The Maltese authorities have made “very limited improvements” after rule of law shortcomings were flagged by the European Commission, its vice-president, Jyrki Katainen, said.
In comments to the Times of Malta on the fringes of a conference organised by Nationalist MEP Roberta Metsola, Mr Katainen, who is also European Commissioner for Jobs, Growth, Investment and Competitiveness, said that an analysis of last year’s country-specific recommendations showed that not much had changed despite the Commission’s advice.
“Unfortunately, I have to say that there was very limited improvement, so we keep encouraging [the Maltese authorities]. We are ready to engage in open discussion on what to do because it is so important for this country, for its citizens and for the rest of Europe,” he said.
Mr Katainen has, in recent years, spoken openly about the importance of safeguarding the rule of law in all member states, insisting last year there could be “no compromise” on this and that the issue was even more worrisome than Brexit.
We want to help Maltese authorities address these issues
Asked about his views on the Maltese situation in light of criticism by Brussels that the rule of law could be in jeopardy, he pointed out that the Commission has been encouraging the Maltese authorities to update the judicial system, ensure that the judiciary was completely independent and that it could function properly.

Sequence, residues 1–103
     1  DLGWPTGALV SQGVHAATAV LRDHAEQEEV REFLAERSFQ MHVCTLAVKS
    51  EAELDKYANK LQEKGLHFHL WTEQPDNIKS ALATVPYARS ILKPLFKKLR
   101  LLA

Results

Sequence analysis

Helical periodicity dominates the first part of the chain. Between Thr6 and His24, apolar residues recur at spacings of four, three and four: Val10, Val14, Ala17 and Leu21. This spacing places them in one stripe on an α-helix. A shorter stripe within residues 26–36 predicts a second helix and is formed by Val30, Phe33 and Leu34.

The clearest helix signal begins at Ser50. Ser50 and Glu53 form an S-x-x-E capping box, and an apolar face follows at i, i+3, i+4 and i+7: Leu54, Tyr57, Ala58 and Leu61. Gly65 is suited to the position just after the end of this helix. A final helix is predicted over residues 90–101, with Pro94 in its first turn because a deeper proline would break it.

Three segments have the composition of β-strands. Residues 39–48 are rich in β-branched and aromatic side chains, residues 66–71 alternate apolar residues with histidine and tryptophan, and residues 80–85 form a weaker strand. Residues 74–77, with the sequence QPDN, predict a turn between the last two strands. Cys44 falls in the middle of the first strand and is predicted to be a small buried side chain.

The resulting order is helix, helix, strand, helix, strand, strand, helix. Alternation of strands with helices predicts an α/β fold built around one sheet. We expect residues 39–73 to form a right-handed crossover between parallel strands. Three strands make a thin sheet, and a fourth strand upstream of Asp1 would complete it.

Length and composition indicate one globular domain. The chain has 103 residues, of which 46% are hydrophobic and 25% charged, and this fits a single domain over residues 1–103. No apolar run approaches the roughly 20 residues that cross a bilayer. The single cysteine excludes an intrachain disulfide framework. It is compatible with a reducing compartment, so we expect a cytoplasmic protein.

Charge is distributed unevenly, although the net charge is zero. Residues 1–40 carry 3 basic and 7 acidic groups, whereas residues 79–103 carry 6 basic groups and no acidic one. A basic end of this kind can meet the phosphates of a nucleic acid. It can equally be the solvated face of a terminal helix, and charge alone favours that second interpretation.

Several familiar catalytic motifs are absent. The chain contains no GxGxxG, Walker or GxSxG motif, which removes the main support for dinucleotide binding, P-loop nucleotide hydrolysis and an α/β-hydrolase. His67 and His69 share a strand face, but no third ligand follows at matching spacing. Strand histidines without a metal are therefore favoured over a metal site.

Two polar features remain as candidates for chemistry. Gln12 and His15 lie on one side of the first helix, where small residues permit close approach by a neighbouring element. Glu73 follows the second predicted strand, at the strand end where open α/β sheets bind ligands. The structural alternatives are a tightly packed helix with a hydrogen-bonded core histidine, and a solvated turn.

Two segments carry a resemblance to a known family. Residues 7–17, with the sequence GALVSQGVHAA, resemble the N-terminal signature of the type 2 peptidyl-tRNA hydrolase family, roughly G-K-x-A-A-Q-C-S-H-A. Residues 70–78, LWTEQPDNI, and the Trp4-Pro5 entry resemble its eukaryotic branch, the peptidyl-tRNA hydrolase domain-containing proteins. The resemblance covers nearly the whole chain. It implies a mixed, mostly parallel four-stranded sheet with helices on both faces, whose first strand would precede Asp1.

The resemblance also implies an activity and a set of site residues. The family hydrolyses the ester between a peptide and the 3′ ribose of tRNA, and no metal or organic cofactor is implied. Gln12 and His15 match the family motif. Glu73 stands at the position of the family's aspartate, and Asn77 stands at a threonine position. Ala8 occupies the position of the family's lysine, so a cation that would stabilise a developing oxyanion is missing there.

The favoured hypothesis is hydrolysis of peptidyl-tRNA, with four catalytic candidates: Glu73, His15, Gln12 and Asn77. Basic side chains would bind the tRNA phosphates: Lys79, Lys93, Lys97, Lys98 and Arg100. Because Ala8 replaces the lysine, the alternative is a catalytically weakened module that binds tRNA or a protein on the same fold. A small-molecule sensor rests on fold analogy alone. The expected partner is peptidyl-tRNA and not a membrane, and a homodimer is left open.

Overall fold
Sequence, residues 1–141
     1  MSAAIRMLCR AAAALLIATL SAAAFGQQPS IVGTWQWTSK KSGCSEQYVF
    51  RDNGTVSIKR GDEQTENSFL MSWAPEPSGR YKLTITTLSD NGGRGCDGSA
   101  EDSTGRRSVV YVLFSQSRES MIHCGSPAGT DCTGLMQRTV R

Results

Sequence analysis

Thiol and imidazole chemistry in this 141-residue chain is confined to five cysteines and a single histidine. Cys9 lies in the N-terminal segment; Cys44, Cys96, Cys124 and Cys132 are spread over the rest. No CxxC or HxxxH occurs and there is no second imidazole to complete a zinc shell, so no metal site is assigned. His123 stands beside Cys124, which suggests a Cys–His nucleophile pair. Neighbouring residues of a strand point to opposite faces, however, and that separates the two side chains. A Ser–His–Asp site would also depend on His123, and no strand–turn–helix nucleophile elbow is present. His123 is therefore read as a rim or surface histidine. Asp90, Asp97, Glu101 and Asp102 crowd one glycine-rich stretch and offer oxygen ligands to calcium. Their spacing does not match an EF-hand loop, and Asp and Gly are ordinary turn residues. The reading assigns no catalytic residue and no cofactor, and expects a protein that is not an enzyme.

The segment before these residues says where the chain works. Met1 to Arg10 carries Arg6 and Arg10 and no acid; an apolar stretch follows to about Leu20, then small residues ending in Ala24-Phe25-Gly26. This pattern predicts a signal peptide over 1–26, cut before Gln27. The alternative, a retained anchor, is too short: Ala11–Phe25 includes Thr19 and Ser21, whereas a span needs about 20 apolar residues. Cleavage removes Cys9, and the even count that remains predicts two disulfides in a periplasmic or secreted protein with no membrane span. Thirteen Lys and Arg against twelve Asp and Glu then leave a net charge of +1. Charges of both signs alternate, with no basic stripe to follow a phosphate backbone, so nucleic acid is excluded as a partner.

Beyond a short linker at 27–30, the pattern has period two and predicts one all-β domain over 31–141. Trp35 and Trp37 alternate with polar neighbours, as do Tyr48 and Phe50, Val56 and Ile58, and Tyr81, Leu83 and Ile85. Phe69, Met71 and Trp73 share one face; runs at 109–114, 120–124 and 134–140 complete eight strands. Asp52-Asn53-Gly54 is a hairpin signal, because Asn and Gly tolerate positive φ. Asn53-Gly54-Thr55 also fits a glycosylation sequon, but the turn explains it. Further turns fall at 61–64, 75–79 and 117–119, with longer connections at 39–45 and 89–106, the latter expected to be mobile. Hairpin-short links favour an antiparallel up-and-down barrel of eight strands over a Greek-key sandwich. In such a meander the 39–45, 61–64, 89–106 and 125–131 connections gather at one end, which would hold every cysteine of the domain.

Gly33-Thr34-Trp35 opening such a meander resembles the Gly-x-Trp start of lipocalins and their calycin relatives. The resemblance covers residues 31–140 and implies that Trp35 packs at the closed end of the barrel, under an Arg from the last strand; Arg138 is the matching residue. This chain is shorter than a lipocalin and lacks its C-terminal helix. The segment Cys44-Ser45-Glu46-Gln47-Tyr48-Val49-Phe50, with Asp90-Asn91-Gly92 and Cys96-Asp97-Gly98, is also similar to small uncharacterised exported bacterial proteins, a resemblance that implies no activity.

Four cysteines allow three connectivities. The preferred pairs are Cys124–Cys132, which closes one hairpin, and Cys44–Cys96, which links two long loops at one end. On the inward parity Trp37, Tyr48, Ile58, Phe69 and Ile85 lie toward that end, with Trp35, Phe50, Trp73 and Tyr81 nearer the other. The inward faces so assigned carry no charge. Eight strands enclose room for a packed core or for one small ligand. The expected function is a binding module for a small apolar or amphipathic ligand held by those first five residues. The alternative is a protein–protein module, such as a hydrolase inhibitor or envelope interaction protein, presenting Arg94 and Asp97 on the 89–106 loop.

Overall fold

He added that Malta had been urged to “accelerate the work on addressing money-laundering and corruption”.
“We want to help the Maltese authorities to address these issues because Malta is part of the EU and every single one of the member states is responsible for the other citizens in Europe as well as other member states.
“What happens here has consequences on the rest of Europe,” Mr Katainen remarked.
He noted that while economic growth was “always good”, it was crucial to ensure this occurred in a sustainable way.
“Thus, for instance, the fast-growing financial sector in Malta is good news for those who need financing for investment but, at the same time, the Commission encourages the Maltese authorities to take care of banking supervisory activities. We have, therefore, encouraged the authorities to pay attention to the regulatory and supervisory capacity in the banking sector,” he said.
He added that a fast-growing gaming sector could also be a source of concern, quickly pointing out that “nobody wants to demonise the sector” and insisting that this had to be monitored closely “to avoid unfortunate consequences if something bad happens”.
Dr Metsola told the conference that a “one-size-fits-all approach to EU funding and taxation issues did not and could not always work, especially when taking the country’s insularity and economies of scale into consideration”.
Addressing business leaders, stakeholders and industry representatives during the event, Dr Metsola yesterday insisted on the need for an EU regulatory environment for Maltese businesses to grow.
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